On August 24, 1982, pursuant to Rule 15(a) of the Federal Rules of Civil Procedure, defendant moved for leave to amend its answer, and, pursuant to Rule 56, moved for summary judgment. This was the first time that defendant asserted res judicata as a potential defense. The trial was delayed by agreement of the parties, and oral argument on the motions was held on August 31, 1982. On that date the district court granted defendant's motion to amend and defendant's motion for summary judgment, and dismissed plaintiff's Title VII claim as barred by res judicata.
Rule 15(a) of the Federal Rules of Civil Procedure provides that leave to amend shall be freely granted "when justice so requires." This liberality of pleading or freedom of amendment, however, is limited when there is "undue delay, bad faith or dilatory motive" on the part of the moving party, and "undue prejudice to the opposing party...." Foman v. Davis, 371 U.S. 178, 182, 83 S.Ct. 227, 230, 9 L.Ed.2d 222 (1962). Although the grant or denial of leave to amend is within the discretion of the district court, a decision "without any justifying reason" may be an "abuse of that discretion and inconsistent with the spirit of the Federal Rules." Id.
The burden of the parties, in requesting or resisting the amendment of pleadings, was noted in Advocat v. Nexus Industries, Inc., 497 F.Supp. 328, 331 (D.Del.1980), in which the Court observed that:
As a practical matter, however, any delay in asserting an affirmative defense for a significant period of time will almost invariably result in some "prejudice" to the nonmoving party.... [T]he proper standard is one that balances the length of the delay against the resulting prejudice.... [T]he longer the period of an unexplained delay, the less will be required of the nonmoving party in terms of a showing of prejudice.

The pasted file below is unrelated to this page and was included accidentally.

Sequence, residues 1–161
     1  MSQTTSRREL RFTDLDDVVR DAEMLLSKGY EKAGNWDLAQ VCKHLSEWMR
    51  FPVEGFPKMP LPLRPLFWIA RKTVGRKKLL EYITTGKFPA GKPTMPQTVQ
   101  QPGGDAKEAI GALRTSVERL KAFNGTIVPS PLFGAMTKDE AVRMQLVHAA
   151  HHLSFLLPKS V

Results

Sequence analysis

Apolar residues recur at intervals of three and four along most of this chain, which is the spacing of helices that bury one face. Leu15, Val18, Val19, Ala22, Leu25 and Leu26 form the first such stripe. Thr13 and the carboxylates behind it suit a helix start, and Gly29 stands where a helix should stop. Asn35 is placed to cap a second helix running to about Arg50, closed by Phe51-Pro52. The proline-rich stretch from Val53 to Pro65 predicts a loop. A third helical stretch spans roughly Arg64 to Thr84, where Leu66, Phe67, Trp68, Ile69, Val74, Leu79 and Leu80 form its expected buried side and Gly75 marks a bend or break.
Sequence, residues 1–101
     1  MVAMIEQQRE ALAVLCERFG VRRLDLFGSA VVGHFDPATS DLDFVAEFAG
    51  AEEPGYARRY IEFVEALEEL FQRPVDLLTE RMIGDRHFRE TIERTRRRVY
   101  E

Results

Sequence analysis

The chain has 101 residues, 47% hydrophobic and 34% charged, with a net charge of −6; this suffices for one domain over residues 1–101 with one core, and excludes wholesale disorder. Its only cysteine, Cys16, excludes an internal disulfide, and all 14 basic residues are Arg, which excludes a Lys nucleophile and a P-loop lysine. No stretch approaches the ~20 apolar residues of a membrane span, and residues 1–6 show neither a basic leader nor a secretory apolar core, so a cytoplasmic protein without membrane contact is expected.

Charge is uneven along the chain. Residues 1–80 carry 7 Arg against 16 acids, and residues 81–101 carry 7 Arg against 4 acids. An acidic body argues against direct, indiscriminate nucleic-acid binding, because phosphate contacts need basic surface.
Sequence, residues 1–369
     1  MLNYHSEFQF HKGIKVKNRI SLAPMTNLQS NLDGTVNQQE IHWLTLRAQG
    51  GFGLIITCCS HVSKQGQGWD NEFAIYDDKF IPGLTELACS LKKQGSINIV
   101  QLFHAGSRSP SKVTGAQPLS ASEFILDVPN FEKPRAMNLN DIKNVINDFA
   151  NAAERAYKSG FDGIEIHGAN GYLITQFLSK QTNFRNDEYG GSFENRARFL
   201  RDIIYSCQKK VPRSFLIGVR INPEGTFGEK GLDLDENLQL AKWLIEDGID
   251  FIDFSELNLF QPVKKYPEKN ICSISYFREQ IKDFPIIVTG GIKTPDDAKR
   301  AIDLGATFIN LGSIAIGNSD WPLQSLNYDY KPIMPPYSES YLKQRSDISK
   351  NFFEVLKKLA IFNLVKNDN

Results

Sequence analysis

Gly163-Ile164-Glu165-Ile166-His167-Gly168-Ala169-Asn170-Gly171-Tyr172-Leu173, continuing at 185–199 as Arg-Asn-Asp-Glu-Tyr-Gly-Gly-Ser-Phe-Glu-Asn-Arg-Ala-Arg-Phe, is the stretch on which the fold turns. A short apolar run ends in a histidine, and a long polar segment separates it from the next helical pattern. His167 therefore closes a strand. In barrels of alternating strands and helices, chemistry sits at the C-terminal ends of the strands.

Clearly, whether a motion to amend should be granted or denied must depend upon the sound judicial discretion of the trial court. Except when required by the demands of justice in the particular case, appellate courts almost invariably defer to the discretion exercised by the trial court. On appeal, the question is whether the discretion reposed in the trial court has been abused. See Norbeck v. Davenport Community School District, 545 F.2d 63, 70 (8th Cir.1976), cert. denied, 431 U.S. 917, 97 S.Ct. 2179, 53 L.Ed.2d 227 (1977).
An indication of the test to be applied in determining whether the trial court has abused its discretion, in allowing leave to amend, is contained in Nevels v. Ford Motor Co., 439 F.2d 251, 257 (5th Cir.1971):
[A]mendments should be tendered no later than the time of pretrial, unless compelling reasons why this could not have been done are presented.... [The court] must weigh good cause shown for the delay in moving, vis a vis dilatoriness of counsel resulting in last minute surprise and inability of opposing counsel to meet the tendered issue.
Defendant was clearly dilatory and delayed unduly in requesting leave to amend. Its answer was filed on July 3, 1979, and the defense of res judicata was available as of November, 1979, when the Appellate Division dismissed plaintiff's appeal for failure to prosecute. Yet, it was not until after two pre-trial conferences, and only six days before the scheduled trial date that defendant made its motion to amend. This occurred on August 24, 1982, two years and nine months after the defense could properly have been asserted. Under these circumstances, in order to justify the amendment, defendant had the burden of showing a compelling reason for the delay. Nevels, supra.
Defendant's only proffered reason for the delay is that the defense of res judicata was not yet "ripe" for assertion until the Supreme Court's decision in Kremer v. Chemical Construction Corp., 456 U.S. 461, 102 S.Ct. 1883, 72 L.Ed.2d 262 (1982). In Kremer, the Supreme Court affirmed the holding of this court that the district court was required, under 28 U.S.C. Sec. 1738, to give preclusive effect to the state court decision which upheld the state administrative agency's rejection of the employment discrimination claim. Section 1738 requires federal courts to give the same preclusive effect to state court judgments "as they have by law or usage in the courts of the State from which they are taken."